In the United States 24% of nonfarm workers were manufacturing workers in 1971. It's 8.6% today. Maybe it would be 9% if NAFTA has not been negotiated and if China had not joined the WTO, but maybe it would still be 8.6%--analysts disagree on trade expansion vs. trade diversion here.Granted but let’s go further. The standard Mundell-Fleming model notes that under floating exchange rates, trade protection tends to appreciate the currency which virtually offsets any benefits to net exports from the trade protection. Of course one might wonder if there is anything one could do to alter net exports to which Brad adds a little more wisdom:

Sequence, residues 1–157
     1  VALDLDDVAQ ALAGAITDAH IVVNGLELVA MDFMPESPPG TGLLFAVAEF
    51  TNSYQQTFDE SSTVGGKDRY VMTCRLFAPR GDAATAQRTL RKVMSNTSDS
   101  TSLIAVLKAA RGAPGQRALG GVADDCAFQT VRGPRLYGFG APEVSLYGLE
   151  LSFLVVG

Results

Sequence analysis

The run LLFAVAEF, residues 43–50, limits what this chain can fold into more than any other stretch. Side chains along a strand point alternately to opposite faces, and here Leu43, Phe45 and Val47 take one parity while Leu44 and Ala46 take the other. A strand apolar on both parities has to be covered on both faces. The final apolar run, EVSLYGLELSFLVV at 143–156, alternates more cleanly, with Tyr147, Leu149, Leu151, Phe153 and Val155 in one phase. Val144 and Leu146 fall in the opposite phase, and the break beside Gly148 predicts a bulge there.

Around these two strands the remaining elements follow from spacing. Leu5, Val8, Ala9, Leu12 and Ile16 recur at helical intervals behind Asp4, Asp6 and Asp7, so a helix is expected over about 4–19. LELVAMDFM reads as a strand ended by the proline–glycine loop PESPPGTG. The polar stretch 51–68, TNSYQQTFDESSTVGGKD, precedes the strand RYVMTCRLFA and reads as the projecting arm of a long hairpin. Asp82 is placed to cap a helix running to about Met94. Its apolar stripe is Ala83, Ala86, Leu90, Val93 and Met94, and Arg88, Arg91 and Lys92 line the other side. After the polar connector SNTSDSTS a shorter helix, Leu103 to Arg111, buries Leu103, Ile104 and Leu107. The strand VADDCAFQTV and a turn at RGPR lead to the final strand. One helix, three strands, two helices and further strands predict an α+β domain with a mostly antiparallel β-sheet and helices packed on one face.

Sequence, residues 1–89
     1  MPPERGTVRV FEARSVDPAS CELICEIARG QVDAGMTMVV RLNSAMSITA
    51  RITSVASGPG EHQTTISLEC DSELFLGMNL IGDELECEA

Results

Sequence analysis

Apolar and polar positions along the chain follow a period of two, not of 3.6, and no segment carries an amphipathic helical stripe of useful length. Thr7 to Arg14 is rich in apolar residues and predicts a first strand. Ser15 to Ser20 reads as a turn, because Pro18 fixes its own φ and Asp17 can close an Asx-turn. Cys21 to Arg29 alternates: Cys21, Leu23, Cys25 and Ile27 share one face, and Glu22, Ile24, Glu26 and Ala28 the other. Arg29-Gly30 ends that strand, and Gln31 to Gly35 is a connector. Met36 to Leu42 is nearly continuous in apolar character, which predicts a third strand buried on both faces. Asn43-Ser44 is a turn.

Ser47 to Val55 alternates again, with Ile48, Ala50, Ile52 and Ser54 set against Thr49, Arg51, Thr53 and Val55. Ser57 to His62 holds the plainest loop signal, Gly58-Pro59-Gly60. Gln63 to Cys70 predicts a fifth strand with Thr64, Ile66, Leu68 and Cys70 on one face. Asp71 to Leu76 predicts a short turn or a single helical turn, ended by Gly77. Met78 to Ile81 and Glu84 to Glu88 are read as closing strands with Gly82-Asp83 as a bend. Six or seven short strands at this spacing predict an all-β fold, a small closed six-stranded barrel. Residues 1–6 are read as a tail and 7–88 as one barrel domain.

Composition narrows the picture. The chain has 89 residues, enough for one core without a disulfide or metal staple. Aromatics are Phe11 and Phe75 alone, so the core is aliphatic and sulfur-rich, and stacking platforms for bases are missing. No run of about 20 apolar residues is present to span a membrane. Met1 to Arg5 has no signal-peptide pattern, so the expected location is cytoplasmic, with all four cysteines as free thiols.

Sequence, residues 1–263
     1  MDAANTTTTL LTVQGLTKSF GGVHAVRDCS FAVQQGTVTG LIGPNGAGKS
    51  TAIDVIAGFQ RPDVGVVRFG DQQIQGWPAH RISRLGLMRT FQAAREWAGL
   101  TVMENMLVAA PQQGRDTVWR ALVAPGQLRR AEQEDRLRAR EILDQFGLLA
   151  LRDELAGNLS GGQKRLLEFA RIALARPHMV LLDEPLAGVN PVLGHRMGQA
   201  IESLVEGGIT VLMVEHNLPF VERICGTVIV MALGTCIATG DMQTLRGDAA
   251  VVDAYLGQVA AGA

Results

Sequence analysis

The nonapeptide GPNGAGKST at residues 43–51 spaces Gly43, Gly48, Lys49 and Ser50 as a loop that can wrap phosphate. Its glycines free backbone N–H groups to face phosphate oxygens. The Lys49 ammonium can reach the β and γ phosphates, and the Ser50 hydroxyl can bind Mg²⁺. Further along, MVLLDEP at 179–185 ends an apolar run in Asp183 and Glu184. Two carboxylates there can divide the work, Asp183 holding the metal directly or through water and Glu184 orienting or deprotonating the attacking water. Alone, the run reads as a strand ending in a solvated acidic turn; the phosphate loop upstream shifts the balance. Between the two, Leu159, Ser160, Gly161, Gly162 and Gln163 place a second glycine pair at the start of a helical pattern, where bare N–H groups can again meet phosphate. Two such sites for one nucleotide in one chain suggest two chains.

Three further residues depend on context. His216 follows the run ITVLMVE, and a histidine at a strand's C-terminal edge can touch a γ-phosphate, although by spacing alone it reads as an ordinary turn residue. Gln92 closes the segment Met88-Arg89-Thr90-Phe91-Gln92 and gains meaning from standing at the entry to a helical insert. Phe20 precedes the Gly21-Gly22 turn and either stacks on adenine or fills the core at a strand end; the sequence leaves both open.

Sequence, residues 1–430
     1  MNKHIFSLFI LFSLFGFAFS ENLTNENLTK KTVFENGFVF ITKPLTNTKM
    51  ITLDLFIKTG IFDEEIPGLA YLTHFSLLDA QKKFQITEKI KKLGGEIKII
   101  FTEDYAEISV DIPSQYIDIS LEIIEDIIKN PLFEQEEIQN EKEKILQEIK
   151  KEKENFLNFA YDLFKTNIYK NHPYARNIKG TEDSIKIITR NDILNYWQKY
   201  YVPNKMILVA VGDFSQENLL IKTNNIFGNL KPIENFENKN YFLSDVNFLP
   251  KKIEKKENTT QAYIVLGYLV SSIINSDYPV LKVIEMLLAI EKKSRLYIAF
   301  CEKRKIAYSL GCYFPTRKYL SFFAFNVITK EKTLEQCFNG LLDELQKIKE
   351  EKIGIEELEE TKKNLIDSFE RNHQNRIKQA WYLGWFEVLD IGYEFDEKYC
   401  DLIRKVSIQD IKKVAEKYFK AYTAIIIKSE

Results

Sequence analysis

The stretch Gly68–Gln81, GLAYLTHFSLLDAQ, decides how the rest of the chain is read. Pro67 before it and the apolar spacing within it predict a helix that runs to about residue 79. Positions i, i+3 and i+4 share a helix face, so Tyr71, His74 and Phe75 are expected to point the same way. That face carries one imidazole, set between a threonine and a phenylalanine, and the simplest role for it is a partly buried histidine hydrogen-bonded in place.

Maybe it would be 12% if the United States had followed Japan's and Germany's roads of being high-savings low-currency value countries focused on nurturing their communities of engineering excellence, rather than running the Reagan and Bush 43 deficits and combining that with a focus on financialization and a strong-dollar policy. I certainly think that would have been a better policy road for the United States. But it gets you only to 12% at most--not back to 24%.Again – the standard Mundell-Fleming result. Germany and Japan’s policies have been the reverse of the disastrous mix of tight monetary policy and excessive fiscal stimulus we witnesses in the early 1980’s, which led to a massive appreciation of the dollar and a massive decline in net exports. While I’m all for a large public infrastructure stimulus, let’s not overdo fiscal stimulus by also providing massive tax cuts for the rich. If the President elect wants to see more net exports, he should stop asking the Federal Reserve to raise interest rates. Trade restrictions are not the answer – a more intelligent mix of fiscal and monetary policy is.